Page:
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Safety will still be top concern for airlines

By Zhang Zhouxiang | China Daily | Updated: 2017-09-29 07:40

Safety will still be top concern for airlines


Editor's note: From Oct 1, airlines will have the right to decide for themselves whether passengers can use personal electronic devices during flights. Two experts share their views on whether the airlines will or will not lift the ban with China Daily's Zhang Zhouxiang:

Ban will not be lifted immediately

Many have expressed concerns that lifting the ban might compromise flight safety. That worry is completely unnecessary because safety is the top concern for all airlines.

And it is inaccurate to say the CAAC is lifting the ban on personal electronic devices because that is not the case, rather it has delegated the decision-making power to airlines, who will have to decide whether to allow passengers to use electronic devices such as cellphones on board their flights. More than a week after the CAAC announced airlines were to be granted the power to lift the ban, no airline has yet come forward and announced it will do so.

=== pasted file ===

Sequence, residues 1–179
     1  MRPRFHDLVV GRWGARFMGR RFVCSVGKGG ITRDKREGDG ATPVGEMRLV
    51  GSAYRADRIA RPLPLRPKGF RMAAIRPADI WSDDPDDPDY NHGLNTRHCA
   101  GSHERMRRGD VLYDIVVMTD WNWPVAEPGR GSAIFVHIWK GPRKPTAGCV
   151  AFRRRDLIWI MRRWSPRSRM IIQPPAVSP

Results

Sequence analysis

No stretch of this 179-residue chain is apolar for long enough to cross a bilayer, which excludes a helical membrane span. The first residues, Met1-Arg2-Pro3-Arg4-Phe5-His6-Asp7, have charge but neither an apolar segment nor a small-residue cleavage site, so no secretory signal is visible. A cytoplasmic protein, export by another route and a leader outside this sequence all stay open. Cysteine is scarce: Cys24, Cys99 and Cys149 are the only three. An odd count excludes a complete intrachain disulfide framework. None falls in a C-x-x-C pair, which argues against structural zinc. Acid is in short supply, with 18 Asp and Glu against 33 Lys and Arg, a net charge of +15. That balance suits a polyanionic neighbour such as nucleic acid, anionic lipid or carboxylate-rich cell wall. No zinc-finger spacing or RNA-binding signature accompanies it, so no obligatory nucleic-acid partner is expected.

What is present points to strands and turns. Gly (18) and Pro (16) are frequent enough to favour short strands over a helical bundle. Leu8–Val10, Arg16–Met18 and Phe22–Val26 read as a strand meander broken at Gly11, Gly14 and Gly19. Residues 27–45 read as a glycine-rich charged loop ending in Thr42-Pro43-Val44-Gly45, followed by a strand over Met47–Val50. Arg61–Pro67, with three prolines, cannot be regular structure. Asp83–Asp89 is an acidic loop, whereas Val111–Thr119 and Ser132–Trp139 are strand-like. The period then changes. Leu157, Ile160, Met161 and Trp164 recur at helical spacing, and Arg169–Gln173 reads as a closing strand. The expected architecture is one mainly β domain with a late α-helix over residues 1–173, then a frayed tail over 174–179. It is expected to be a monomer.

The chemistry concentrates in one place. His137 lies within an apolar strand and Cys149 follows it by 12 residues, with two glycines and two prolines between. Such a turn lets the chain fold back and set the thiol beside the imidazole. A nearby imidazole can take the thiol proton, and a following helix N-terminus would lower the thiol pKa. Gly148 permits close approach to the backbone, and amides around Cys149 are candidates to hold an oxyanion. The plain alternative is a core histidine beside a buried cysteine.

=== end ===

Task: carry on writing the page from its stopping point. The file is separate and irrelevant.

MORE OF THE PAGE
China's ban on the use of electronic devices during flights is very strict compared with other countries. When China introduced the ban on using electronic devices during flights in 1999, this was the norm worldwide. Then in 2013, the United States and the European Union allowed passengers to use electronic devices on flights if they were in so-called flight mode and unable to send or receive communication signals. Singapore and Canada followed suit one year later.

Having considered the fact that no accident had been confirmed to have been caused by personal electronic devices, China's civil aviation authorities have made the decision to let airlines decide whether or not passengers can use electronic devices during flights. But even after the regulation comes into effect on Oct 1, it will be a long process for the airlines to decide to change the current situation. Therefore, we cannot expect to be using electronic devices on flights any time soon.

Diao Weimin, a visiting professor at the International Aviation Law Institute, DePaul University

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